The way I see it, at this particular price point—which was not disclosed explicitly, but I’m sure it will be in the six-figure range—the consumer and commercial markets overlap somewhat. It is within this shared commonality that the new Sony projector will reside, being of interest to both demographics.
So what about the actual video performance? What are the demos like? Sony provided me with performance details and data, which it requested not be published at the present time for obvious reasons. Of course, I will respect Sony’s wishes in this regard. However, I did ask a number of questions, and Sony is happy to let me publish that information.
Here’s the demo room at CinemaCon 2017 where I saw the new Sony RGB laser projector in action.
I am very impressed by the video performance of this new projector, especially since the unit I saw is essentially an alpha prototype. And as mentioned earlier, the unit suffered some trauma during transit that negatively affected its video performance in more ways than one.
Demo footage included native 4K HDR content, including some scenes from the upcoming Spider-Man: Homecoming, all of which looked nothing short of spectacular. It was a wonderfully dynamic image, with superb colors and lots of luminosity headroom with no indication of bright highlights being clipped or shadow detail being crushed.
Most importantly of all, the sequential contrast and black levels looked very good. I am hesitant to quantify these elements more than that for now, since my opinion is based purely on subjective viewing without taking any measurements. However, I did ask Sony to confirm sequential-contrast performance figures, to which a rep said, “At least as good as the SRX-R500 series projectors,” which yield an average sequential contrast ratio of 8000:1.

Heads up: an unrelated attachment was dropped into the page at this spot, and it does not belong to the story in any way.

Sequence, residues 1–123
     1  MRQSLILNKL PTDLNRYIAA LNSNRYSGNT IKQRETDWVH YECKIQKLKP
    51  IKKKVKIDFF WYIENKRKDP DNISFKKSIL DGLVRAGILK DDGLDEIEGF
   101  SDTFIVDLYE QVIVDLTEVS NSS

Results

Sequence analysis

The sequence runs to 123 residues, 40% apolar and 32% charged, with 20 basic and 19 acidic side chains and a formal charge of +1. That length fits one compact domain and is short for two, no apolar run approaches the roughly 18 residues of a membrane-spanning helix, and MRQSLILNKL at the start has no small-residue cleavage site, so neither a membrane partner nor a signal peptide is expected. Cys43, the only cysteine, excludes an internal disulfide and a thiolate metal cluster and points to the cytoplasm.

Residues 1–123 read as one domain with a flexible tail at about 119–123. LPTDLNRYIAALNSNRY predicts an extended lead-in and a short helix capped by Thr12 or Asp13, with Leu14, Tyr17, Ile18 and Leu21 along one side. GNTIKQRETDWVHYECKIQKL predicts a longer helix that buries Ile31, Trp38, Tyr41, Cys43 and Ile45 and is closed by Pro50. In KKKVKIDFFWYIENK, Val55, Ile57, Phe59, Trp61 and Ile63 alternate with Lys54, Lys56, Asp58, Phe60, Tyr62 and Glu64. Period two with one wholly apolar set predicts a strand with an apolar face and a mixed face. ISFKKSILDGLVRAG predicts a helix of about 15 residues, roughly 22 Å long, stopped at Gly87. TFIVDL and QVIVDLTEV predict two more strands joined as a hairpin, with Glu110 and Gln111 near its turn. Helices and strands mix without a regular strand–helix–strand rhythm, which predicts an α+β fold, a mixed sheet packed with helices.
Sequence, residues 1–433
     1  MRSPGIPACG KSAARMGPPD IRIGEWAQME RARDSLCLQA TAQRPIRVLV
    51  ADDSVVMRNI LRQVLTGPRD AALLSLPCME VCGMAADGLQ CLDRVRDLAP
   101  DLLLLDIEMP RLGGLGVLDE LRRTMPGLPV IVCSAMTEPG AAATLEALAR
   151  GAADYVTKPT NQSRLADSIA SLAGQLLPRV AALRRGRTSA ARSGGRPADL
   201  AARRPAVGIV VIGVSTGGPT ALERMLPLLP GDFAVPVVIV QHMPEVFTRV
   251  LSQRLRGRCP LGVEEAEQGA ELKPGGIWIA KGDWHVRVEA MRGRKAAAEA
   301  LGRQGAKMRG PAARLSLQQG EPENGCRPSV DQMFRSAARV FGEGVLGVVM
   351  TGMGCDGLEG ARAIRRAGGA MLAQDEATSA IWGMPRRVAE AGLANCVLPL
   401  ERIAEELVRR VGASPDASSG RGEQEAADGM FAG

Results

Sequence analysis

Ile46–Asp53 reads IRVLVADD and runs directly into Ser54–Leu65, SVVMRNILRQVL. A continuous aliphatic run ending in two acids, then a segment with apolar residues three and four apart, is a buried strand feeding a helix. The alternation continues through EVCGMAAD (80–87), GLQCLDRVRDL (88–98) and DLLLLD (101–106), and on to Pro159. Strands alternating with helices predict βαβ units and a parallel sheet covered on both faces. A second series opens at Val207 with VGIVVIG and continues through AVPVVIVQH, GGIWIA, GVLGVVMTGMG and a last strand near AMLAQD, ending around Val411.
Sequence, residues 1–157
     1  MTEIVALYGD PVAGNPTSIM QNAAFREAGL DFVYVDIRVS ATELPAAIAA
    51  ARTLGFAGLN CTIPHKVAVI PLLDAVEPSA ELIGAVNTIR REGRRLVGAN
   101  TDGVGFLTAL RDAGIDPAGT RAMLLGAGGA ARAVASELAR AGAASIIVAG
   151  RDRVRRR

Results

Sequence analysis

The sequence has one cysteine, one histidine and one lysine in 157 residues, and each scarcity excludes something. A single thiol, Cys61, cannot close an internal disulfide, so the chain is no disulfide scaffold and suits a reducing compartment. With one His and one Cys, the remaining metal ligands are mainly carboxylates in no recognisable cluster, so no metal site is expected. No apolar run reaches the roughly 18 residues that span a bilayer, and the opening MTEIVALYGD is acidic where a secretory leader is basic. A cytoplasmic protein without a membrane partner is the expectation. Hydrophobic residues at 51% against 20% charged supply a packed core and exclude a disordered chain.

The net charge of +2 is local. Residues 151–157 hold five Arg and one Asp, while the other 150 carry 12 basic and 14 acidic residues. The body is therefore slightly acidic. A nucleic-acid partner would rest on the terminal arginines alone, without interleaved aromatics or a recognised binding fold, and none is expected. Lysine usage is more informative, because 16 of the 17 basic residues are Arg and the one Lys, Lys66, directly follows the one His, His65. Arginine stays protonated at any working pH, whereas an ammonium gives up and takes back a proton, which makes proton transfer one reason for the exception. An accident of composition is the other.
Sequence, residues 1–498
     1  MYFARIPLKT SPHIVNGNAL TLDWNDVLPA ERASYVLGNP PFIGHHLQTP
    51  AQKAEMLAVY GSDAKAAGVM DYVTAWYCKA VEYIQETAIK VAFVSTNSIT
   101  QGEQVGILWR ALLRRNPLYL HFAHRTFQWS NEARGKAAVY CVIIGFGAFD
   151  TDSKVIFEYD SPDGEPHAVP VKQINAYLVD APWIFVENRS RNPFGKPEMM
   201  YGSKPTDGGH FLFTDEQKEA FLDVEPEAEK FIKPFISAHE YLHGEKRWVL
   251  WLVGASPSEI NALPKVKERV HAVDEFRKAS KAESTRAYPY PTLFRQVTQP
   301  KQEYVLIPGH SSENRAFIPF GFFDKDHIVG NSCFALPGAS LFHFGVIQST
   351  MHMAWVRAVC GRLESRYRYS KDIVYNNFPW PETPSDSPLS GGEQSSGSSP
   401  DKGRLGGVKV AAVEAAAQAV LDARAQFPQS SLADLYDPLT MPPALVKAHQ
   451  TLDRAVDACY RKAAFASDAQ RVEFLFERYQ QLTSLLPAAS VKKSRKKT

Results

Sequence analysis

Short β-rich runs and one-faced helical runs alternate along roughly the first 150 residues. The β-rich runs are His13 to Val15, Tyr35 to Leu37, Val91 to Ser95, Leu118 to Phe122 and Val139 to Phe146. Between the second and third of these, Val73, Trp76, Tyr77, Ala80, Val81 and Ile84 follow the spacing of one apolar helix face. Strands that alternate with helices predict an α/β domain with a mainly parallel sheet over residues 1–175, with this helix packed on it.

Before you’re too disappointed by that figure, bear in mind that native contrast ratio and black level are interdependent. Bright images cause the iris in the human eye to close down, deepening the perceived black floor. In this particular instance, I saw sequential contrast similar to that of the VPL-VW5000ES, but with multiple times the light output, and consequently superior perceived black levels. This projector represents a significant step up in sequential contrast and perceived black floor compared with the likes of the Barco Thor.
Questions & Answers
Here are some of the questions I’ve been asked about the new Sony projector and the answers I learned:
– What is the specification of the screen material being used for the demo?
Silver screen with 1.7 gain
– Does the projector have to be used with a silver screen?
Only for 3D; a standard white screen material can be used for 2D.
– What will be the MSRP?
Too early to say, but I’m sure it will be a six-figure sum.
– Estimated product launch?
– Will the prototype be demoed at any other upcoming shows, such as IFA, CEDIA, CES, and/or ISE?
– New technology, not an expansion of the pre-existing SRX-R500 series
– Next-generation laser technology
– True RGB laser-illuminated projector
– Direct green laser yields significantly better color performance
– Dual-source optical engine comprising a single optical assembly with six imaging panels
– Projects two native 4K images simultaneously through single lens
– Negligible speckle due to dual-source light engine; much less speckle than 6P laser systems, no need for screen vibration or other de-speckling methods
– 30,000 lumens; multiple times the light output of the VPL-VW5000ES
– High native sequential (on/off) contrast; at least 8000:1
– HDR ready
– WCG with very high percentage of BT.2020 color
– Very high-quality lenses and optics; single lens for 2D and 3D, no need to swap lenses
– No uniformity issues
– Relatively small size and footprint
– Very bright 3D; polarized, not 6P; less fatiguing than 6P
– Supports frame rates up to 120 fps
– Capable of being installed in a home theater
– Shipping 2018
Nigel Archer (ARROW-AV on AVS Forum) is Managing Director of Arrow AudioVisual, a high-end home-theater integrator in Buckinhamshire, Great Britian. Learn more at arrow-av.com.